Phyllis Kind Gallery, NY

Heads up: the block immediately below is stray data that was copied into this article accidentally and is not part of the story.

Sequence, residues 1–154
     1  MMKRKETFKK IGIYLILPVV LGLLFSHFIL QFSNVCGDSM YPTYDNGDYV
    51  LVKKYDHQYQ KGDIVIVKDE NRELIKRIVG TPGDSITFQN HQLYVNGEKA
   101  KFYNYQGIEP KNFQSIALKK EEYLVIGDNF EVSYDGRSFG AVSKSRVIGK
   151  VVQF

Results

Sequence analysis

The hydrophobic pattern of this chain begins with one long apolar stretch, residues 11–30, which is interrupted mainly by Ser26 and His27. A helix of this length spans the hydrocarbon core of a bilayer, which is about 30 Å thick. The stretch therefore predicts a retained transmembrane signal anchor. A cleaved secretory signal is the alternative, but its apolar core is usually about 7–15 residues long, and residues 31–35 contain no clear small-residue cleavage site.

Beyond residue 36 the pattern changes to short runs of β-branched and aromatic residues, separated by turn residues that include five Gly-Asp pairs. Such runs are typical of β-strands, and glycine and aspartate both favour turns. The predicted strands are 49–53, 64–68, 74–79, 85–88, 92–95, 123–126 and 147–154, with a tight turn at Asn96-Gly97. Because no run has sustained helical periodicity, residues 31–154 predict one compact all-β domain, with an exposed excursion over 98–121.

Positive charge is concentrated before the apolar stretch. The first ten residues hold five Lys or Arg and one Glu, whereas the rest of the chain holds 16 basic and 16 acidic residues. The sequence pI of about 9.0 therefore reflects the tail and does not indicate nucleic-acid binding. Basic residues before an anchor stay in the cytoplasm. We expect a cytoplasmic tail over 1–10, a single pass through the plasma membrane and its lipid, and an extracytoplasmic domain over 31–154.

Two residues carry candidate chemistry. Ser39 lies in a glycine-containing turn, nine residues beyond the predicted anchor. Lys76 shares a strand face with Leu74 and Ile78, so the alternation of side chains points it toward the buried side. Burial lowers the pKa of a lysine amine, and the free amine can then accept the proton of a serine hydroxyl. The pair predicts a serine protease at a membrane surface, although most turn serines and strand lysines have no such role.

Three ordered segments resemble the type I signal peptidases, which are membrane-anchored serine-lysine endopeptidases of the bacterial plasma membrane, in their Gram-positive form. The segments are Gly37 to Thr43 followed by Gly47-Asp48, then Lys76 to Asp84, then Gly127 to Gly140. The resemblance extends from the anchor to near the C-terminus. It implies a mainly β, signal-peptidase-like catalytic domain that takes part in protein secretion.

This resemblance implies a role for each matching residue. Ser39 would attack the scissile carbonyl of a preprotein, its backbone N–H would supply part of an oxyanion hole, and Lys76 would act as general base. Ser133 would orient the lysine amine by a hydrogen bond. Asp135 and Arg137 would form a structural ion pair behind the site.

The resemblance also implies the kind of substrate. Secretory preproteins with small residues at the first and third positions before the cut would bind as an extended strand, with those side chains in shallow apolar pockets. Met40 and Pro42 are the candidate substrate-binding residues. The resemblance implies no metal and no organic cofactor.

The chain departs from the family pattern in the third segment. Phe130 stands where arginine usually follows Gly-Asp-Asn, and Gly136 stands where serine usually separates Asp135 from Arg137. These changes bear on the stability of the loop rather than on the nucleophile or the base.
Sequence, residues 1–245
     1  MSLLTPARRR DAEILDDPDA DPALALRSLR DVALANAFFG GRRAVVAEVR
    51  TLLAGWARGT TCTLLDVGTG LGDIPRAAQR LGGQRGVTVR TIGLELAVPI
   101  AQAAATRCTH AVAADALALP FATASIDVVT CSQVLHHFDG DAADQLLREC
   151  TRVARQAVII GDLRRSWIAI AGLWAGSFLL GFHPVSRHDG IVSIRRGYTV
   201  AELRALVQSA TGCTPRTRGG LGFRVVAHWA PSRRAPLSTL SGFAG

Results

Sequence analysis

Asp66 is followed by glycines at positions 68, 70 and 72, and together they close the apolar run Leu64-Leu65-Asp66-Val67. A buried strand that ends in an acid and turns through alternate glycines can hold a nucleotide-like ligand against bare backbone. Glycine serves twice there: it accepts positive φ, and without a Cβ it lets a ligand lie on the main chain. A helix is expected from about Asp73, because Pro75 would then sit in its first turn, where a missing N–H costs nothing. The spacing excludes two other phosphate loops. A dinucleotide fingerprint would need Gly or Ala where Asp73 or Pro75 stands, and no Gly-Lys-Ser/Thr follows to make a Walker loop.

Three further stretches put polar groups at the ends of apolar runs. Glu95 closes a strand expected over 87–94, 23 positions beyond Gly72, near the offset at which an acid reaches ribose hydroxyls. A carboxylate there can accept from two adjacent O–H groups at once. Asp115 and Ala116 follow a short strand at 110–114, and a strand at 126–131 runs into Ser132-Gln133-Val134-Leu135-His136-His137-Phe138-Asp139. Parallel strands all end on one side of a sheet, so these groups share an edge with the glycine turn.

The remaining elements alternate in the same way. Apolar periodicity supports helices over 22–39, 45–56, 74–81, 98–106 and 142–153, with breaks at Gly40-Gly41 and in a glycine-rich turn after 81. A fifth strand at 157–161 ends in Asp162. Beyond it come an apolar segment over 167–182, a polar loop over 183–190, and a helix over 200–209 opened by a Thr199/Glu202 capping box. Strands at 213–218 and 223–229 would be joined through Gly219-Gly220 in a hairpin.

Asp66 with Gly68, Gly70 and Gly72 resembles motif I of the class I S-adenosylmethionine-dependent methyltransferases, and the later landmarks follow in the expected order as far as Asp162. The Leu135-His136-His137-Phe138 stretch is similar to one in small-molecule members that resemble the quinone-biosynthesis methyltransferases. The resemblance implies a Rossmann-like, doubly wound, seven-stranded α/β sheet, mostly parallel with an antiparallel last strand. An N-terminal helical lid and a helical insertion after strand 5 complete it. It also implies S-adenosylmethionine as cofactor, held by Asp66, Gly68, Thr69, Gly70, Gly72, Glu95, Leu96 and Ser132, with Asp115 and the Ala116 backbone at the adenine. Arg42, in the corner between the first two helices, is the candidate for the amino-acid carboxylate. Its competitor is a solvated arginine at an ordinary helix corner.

From the blood-dimmed tide a rough beast slouches forth, in William A. Blayney’s “7 Headed Lion-Beast with 10 Horns Coming Ashore” (1960). In the New Testament Book of Revelation, the Beast emerges from the sea—symbol of the abyss where he abides, of chaos and evil—bearing “blasphemous names” on its seven heads. Ever since Revelation was written down in final form in about 95 C.E., the Beast has been identified (literally and metaphorically) with almost every perceived evil of the age—from Rome (with seven heads representing Rome’s seven hills), to Nazi Germany. Many interpreters read Revelation as a symbolic text, with the Beast representing a force of evil that opposes God’s people in every age and place—a cipher into which an era can deposit its darkest fears. In the accompanying article, James Tabor surveys the ways the Book of Revelation has been read for two thousand years and searches for the sources of the millennial terrors it envisions.